So I would say to myself that if I wanted to eat a chocolate biscuit in the afternoon, I could swap it for a plain biscuit or an oat bar. It's a small change that I could get used to and not so big that it feels weird to me.
In later episodes of this podcast, we'll look a bit deeper into our willpower, motivation and self-control and how that plays into habits we are finding difficult to change. We'll also begin to understand why a more complex habit may have come about and how we can develop new healthier life habits.
So let's go back to your door locking issue. Have you tried to do something different to stop you second guessing if you've locked your door?
Yes, I discovered that I was completely on autopilot when leaving the house. I was picking up my keys, locking the door and then walking away. And I was already thinking about the day ahead and what I needed to do. So, I actually decided to really notice putting my wallet in my pocket. and putting the keys in the lock, being present in the moment and acknowledging to myself that I had locked the door. So initially I said it out loud, but eventually just in my mind. And a friend told me that they had a similar issue and actually videoed themselves locking their door.
So you're already making a start on developing a new neural pathway. Have you had any slip ups?
It's only been a couple of weeks, but yes, a few times I've not paid attention when I've been in a hurry, or when I've already put some music on, or when I've been talking to someone else.
It's natural to slip up when you're starting a new way of doing things. The brain learns just as much from us making mistakes as getting it right. It's also a myth that it takes 21 days for a new habit to become automatic. The research shows that, on average, it takes just over two months. It can take less or more time depending on the habit. For some complex habits, it could take over six months. And missing a day or opportunity does not make any difference. So, even if you miss out doing it a couple of times, go back to it, and your brain pathway will keep being strengthened. Slipping up does not undo the hard work you've already done.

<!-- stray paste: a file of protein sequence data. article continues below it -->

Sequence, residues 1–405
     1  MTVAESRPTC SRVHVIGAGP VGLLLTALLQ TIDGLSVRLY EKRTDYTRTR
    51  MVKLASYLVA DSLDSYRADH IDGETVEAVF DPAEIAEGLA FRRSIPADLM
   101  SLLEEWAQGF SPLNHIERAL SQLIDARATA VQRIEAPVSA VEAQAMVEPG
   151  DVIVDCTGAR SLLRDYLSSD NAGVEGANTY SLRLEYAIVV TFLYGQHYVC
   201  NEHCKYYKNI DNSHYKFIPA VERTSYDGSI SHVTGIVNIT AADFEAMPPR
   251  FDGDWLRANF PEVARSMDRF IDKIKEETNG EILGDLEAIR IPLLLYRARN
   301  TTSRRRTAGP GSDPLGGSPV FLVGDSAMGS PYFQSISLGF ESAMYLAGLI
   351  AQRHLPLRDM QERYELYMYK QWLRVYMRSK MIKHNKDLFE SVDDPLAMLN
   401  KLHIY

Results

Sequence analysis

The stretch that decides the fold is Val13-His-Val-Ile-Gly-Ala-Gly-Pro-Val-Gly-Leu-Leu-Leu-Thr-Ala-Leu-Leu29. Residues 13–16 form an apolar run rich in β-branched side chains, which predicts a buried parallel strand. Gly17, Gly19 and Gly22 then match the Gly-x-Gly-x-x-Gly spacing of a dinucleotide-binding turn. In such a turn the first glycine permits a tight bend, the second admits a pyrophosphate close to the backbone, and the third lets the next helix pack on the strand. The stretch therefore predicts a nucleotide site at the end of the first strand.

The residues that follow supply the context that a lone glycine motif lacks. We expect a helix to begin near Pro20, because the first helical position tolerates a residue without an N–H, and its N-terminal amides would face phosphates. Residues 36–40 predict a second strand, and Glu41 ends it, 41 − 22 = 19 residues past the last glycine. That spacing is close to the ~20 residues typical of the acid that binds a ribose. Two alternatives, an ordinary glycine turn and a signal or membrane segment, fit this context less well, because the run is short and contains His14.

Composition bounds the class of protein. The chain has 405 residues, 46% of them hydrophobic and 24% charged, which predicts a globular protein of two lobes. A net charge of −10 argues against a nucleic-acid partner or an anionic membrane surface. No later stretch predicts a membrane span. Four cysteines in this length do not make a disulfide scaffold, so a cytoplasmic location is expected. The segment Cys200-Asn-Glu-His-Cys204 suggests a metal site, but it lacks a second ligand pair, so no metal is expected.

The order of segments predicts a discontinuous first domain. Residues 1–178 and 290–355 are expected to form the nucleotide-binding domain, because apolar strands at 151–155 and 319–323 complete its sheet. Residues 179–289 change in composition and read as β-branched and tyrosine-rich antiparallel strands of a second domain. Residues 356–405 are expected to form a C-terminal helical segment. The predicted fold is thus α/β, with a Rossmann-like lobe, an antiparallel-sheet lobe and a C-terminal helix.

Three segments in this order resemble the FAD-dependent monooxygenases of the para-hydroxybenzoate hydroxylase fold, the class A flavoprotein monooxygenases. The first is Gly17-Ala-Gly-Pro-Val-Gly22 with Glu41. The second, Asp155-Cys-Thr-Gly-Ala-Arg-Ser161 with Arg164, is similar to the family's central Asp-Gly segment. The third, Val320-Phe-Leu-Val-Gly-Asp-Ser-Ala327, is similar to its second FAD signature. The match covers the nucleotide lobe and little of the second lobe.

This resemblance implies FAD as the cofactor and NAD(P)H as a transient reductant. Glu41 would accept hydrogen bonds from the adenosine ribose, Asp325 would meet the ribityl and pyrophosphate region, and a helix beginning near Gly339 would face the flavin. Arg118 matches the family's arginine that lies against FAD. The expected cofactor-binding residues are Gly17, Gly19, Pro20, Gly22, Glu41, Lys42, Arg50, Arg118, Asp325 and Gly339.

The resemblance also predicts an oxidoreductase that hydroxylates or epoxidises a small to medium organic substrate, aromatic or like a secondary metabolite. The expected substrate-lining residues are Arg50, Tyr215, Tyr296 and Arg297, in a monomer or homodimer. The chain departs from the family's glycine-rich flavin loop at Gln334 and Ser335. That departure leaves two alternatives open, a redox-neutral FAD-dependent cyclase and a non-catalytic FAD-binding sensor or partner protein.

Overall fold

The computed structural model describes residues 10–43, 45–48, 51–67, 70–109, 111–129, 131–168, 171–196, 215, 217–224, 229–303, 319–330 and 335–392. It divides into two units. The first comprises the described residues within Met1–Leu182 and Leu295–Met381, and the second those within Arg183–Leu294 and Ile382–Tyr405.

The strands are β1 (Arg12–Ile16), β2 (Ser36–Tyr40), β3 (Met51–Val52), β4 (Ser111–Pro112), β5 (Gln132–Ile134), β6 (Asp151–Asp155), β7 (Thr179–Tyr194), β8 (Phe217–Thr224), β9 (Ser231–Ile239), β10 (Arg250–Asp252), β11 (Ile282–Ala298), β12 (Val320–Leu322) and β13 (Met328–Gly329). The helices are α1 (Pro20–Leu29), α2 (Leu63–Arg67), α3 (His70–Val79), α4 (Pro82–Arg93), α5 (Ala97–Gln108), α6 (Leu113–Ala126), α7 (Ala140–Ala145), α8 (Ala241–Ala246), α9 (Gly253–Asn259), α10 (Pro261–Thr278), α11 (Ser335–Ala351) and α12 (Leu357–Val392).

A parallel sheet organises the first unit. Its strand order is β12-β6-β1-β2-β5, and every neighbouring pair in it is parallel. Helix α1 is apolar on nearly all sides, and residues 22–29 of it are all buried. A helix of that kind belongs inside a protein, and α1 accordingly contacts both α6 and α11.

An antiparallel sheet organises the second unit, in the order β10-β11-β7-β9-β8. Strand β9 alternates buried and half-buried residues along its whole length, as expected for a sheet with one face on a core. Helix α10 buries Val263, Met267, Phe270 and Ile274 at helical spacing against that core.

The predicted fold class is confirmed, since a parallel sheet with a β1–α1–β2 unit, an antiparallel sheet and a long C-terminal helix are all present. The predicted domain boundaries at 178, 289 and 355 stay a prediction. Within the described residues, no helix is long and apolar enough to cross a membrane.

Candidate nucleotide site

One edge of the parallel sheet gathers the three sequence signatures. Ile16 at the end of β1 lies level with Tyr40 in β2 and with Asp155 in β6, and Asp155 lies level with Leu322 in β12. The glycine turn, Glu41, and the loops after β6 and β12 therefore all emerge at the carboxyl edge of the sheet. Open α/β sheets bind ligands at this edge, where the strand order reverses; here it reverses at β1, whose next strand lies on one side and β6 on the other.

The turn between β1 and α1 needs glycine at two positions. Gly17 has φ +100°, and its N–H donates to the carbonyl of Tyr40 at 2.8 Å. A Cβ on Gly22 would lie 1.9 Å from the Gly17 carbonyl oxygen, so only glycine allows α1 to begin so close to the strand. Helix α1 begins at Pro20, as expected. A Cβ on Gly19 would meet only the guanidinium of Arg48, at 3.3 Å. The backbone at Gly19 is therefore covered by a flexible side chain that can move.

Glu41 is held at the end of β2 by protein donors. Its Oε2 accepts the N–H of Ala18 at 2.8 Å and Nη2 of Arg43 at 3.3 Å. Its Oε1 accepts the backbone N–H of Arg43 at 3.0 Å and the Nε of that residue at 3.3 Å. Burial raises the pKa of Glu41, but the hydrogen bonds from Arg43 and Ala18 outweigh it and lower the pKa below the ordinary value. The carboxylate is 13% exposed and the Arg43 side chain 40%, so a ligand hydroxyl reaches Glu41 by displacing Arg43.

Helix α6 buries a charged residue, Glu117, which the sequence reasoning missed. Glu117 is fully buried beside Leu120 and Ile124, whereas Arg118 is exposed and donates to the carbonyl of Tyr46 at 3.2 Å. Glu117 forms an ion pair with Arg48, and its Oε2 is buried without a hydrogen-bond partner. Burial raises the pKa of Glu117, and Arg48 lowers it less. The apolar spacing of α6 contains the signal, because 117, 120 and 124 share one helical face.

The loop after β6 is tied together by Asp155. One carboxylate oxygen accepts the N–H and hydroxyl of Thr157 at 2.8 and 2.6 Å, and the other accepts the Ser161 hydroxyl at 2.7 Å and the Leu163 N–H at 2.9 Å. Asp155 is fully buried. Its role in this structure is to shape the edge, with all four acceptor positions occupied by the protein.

And that's really encouraging, Soen. What's been your experience making a change to your habit of leaving things untidy?
So whenever I've finished a project now, when I think that I'm finished, I remind myself that the work is only half done. Now comes the second half, tidying up after a project. Whether that's putting the files in the right place on the computer or putting away tools I've used on a DIY job, I remember that I want to be a tidier person. I'm proud of my home, and use that feeling to motivate me to tidy up.
Okay, Neera, I was wondering, is there any way I can increase my neuroplasticity to make it easier to change my habits?
Absolutely. Mindfulness meditation has been shown to increase neuroplasticity. It improves something called our interoceptive awareness, which is how the brain tunes into the signals from the body, and this can lead to reduced stress and anxiety. More on that in the next episode.
Soen, it's been really great talking about our habits and how we can change them.
I've learned that there's definitely hope to change how we behave.
Neuroplasticity allows our brains to rewire, forming new connections and pathways, and in this way new habits can form and become automatic. When we want to make a change, we need to ask ourselves why we want to do it and how important it is to us. Then by developing our awareness of our habit, we can notice and observe what happens when the habit is in action, what the cues or triggers are, and how we respond to them. Then we can think about what changes we are able to make to break the cycle.
We can't rely on willpower and motivation alone, so the key is to make the change something we can do over and over again, and letting go of thoughts of failure if we slip up, because we can get going with it again. It's also important to be kind to ourselves and start by making small changes that are achievable and sustainable. And accept that we need these building blocks to make those bigger changes we want and to develop new healthy life habits.
This week I'm going to concentrate on turning my frustration into a positive action.
And I'm going to keep working on paying attention to actually locking the door.
What small habit do you have that you want to change? Why do you want to change it? And how much do you really want to change it? What first step are you going to take?
Thank you so much for listening to this episode of Your Better Mental Wellbeing.
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Visit our website for transcripts and more information on yourbettermentalwellbeing.show
Join us next time for episode 2, Managing Stressful Moments.
And remember to live your values, accept yourself, and let go.
Music credits: Main theme by AudioCoffee, Impactful 10 by Dream-Protocol, Jingle by Serge Quadrado Music